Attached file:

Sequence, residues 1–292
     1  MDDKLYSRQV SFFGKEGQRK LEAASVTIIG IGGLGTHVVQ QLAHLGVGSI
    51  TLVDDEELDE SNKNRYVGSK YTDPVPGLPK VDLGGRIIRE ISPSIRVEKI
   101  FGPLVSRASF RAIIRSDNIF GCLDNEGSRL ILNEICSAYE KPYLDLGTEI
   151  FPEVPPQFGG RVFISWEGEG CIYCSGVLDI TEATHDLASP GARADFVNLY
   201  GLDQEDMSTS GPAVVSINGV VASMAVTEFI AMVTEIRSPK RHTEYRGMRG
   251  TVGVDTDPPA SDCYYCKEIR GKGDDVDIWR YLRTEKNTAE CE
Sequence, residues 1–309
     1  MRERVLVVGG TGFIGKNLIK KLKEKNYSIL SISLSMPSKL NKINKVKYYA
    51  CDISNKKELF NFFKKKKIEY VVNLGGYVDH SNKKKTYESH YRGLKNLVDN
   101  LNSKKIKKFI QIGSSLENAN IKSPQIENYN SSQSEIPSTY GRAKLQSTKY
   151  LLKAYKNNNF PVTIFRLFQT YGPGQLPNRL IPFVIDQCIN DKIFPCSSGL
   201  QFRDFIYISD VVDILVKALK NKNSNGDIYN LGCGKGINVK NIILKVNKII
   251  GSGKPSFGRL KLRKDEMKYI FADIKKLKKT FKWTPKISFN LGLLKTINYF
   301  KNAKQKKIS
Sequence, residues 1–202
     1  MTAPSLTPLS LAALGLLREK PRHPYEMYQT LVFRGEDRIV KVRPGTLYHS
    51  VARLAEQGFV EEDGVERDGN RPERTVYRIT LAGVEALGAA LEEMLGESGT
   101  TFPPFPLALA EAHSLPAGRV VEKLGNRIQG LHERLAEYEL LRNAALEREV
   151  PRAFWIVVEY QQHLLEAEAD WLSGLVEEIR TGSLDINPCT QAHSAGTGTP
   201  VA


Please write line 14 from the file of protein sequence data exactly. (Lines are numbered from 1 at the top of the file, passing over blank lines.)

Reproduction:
   251  GSGKPSFGRL KLRKDEMKYI FADIKKLKKT FKWTPKISFN LGLLKTINYF